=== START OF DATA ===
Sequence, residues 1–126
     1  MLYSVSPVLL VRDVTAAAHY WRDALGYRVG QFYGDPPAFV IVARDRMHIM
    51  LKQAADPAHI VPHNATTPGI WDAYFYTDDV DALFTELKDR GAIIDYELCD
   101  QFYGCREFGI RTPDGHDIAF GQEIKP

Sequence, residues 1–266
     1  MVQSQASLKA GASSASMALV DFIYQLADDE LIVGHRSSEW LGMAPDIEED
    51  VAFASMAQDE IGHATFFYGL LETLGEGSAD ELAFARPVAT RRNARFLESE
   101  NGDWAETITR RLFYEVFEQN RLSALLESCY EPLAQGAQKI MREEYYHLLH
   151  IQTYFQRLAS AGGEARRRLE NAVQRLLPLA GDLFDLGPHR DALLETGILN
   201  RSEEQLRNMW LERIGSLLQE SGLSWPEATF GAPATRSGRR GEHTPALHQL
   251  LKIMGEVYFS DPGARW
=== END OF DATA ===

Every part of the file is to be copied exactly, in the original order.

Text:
Sequence, residues 1–126
     1  MLYSVSPVLL VRDVTAAAHY WRDALGYRVG QFYGDPPAFV IVARDRMHIM
    51  LKQAADPAHI VPHNATTPGI WDAYFYTDDV DALFTELKDR GAIIDYELCD
   101  QFYGCREFGI RTPDGHDIAF GQEIKP

Sequence, residues 1–266
     1  MVQSQASLKA GASSASMALV DFIYQLADDE LIVGHRSSEW LGMAPDIEED
    51  VAFASMAQDE IGHATFFYGL LETLGEGSAD ELAFARPVAT RRNARFLESE
   101  NGDWAETITR RLFYEVFEQN RLSALLESCY EPLAQGAQKI MREEYYHLLH
   151  IQTYFQRLAS AGGEARRRLE NAVQRLLPLA GDLFDLGPHR DALLETGILN
   201  RSEEQLRNMW LERIGSLLQE SGLSWPEATF GAPATRSGRR GEHTPALHQL
   251  LKIMGEVYFS DPGARW